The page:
Corn: Down 2-4 cents
Soybeans: Down 10-13 cents
Wheat: Down 4-6 cents
General Comment: Grains and global stock markets slumped overnight after the U.S. unveils a new list of $200 billion worth of 10% tariffs on China goods, increasing fears of escalating trade war between the two biggest economies and fallout on world economic growth. China accused the U.S. of bullying and warned it would retaliate without specifying new actions. A two-month period for public comment before the new U.S. levies get imposed on thousands of China imports provides little hope for a negotiated compromise with no talks schedule and both sides appearing to prepare for a long conflict. No changes in Midwest weather. Dry and hot through Sunday followed by normal to slightly below temperatures and rain early next week. Some warming expected by July 19, but no signs of excessive heat.
Corn futures forged new contract lows overnight after the U.S. argues it had no choice but to move forward on the new duties after China failed to respond to warnings about unfair trade practices and abuse of American intellectual property. Traders expected USDA on Thursday to raise the U.S. 2018-2019 carryover to near 1.725 billion bushels, up from 1.577 billion estimated last month. The market is also looking for bigger U.S. inventories to boost the world carryover to near 155.7 million metric tons from 154.7 million estimated in June and still down sharply from 191.6 million seen for this year.
Soybeans fell more the 15 cents overnight and look poised to test contract lows set last week. The president of China state grain trader COFCO said today that China could reduce reliance on U.S. soybean by increasing non-U.S. soybean and other oilseed imports, buy more protein meal and meat. Market also positioning for USDA on Thursday to increase U.S. 2018-19 carryover near 500 million bushels, up from 385 million estimated in June and 512 million expected for 2017-18 season.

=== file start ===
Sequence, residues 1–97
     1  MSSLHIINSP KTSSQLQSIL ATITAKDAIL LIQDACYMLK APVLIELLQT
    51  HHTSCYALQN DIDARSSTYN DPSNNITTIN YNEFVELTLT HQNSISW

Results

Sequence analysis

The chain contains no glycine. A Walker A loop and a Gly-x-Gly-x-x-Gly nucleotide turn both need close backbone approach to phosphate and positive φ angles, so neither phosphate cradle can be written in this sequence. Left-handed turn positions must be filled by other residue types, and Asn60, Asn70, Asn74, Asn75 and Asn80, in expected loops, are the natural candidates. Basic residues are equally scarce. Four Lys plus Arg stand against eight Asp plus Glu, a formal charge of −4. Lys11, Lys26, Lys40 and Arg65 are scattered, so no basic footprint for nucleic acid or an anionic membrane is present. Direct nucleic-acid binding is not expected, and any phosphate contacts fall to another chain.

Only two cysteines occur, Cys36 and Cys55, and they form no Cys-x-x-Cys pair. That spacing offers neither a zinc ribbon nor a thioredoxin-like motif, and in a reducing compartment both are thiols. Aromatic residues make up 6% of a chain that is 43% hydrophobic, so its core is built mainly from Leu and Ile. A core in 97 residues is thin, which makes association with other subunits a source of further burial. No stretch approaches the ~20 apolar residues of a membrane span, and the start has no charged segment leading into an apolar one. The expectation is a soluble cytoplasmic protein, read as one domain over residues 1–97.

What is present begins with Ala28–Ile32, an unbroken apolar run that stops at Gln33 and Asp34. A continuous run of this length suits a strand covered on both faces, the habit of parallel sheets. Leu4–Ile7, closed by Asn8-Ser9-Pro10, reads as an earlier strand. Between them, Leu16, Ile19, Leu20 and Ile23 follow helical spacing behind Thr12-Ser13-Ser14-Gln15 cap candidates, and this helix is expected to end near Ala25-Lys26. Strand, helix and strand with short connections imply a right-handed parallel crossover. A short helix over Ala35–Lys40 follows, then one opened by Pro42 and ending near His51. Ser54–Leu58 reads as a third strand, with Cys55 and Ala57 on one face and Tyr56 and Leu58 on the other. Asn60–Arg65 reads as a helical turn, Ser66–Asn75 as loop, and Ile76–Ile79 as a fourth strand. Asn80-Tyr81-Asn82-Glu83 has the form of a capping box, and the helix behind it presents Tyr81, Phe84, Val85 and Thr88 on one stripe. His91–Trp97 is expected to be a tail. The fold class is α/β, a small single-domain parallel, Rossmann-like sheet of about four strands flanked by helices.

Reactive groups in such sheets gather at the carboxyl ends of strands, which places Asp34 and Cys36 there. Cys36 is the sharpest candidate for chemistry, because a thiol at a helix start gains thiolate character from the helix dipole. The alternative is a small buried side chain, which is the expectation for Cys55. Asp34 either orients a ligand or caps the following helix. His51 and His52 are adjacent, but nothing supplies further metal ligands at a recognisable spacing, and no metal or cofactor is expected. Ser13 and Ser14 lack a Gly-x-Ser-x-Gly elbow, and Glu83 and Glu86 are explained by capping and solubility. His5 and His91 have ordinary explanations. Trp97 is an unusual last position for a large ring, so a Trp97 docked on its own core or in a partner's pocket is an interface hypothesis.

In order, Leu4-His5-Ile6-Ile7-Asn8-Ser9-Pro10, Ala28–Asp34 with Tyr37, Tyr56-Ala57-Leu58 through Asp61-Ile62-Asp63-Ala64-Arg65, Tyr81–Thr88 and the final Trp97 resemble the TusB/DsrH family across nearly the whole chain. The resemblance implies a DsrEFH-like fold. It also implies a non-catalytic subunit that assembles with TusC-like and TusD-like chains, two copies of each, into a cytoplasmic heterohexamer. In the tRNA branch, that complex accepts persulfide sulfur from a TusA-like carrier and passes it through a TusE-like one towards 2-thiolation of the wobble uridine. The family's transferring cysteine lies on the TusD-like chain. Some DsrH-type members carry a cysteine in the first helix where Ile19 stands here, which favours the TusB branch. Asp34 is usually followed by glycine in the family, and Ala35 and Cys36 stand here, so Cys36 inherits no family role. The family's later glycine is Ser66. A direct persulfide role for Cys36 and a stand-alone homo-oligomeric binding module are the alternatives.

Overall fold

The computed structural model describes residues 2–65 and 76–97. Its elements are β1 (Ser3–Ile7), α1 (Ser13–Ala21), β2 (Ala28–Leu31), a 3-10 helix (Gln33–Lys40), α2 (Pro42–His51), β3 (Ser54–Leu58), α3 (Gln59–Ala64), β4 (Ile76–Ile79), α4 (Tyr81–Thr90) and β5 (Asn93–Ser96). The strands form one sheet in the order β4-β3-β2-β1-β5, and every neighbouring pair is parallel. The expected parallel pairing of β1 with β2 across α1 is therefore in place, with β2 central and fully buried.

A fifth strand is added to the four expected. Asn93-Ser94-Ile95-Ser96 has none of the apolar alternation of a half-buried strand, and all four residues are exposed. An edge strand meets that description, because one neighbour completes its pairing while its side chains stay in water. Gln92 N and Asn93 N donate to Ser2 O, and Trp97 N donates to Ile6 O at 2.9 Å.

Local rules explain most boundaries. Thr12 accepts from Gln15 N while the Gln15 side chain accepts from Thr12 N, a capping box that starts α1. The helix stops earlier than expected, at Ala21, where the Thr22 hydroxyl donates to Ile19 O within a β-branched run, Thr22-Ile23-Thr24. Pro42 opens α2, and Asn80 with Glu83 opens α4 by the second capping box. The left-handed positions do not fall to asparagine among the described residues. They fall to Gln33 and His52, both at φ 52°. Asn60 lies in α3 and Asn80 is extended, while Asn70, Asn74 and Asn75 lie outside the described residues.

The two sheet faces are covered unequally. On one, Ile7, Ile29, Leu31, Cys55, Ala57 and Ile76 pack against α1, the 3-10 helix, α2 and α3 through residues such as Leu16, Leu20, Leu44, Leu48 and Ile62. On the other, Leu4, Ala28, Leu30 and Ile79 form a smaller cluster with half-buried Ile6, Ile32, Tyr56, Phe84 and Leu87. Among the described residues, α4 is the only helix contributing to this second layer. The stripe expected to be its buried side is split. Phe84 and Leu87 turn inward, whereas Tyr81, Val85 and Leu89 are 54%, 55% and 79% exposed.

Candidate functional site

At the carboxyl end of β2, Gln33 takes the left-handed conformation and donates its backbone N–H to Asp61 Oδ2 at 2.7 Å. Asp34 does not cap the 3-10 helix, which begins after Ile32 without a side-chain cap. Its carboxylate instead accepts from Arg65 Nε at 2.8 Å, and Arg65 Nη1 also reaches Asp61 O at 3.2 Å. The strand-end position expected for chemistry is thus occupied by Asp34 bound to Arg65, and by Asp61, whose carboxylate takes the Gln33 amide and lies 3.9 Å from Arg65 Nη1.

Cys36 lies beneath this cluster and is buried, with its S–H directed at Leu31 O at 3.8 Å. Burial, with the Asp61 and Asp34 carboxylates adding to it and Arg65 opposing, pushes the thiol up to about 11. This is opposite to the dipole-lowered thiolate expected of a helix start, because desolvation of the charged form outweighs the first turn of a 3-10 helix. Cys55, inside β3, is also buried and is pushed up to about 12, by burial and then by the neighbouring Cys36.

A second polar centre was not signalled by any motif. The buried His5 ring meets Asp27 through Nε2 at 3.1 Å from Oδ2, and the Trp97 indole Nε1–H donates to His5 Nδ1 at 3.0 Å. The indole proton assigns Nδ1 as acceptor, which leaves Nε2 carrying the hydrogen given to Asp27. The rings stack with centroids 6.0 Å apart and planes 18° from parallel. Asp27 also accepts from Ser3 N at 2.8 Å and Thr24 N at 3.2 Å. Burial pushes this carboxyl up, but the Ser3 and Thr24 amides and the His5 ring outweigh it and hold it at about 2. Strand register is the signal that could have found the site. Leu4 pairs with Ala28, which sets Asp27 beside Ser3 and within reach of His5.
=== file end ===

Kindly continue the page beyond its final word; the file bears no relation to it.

Wheat futures will extend this week’s drop amid continued slow overseas demand for U.S. supplies. Egypt’s purchase of 175,000 MT of Russia wheat yesterday at delivered costs of $220-$221/M was lower than expected. Look for some commercial buying to develop near overnight lows this morning amid declining global crop outlooks. Continued high U.S. spring wheat crop rating suggest USDA may surprise with a bigger U.S. wheat crop in Thursday’s first crop production forecast.
Cattle seen starting lower after the weak finish in futures on Tuesday. Wholesale beef prices mixed with Choice up 40 cents and select down 23 cents. Movement was moderate even with prices near the lowest since February. Tuesday’s lows are key after futures closed under the 100-day moving average.
Hogs seen falling in followthrough selling after August futures fell the exchange limit of $3 and deferred futures also carved out new contract lows. The CME cash hog index fell 19 cents to $81.92 and is projected another 25 cents lower today. At yesterday’s close, August is nearly $12 under the cash index while October is almost $28 discount and December about $32 discount. Those are extremely wide and argue futures have overreacted to the trade spats with Mexico and China and projected 3.5% increase in hog numbers into 2019. Wholesale pork carcass values fell $1.29 to $84.10, the lowest since June 18. The good news—pork sales jumped to more than 401 loads Tuesday, the most since March 7.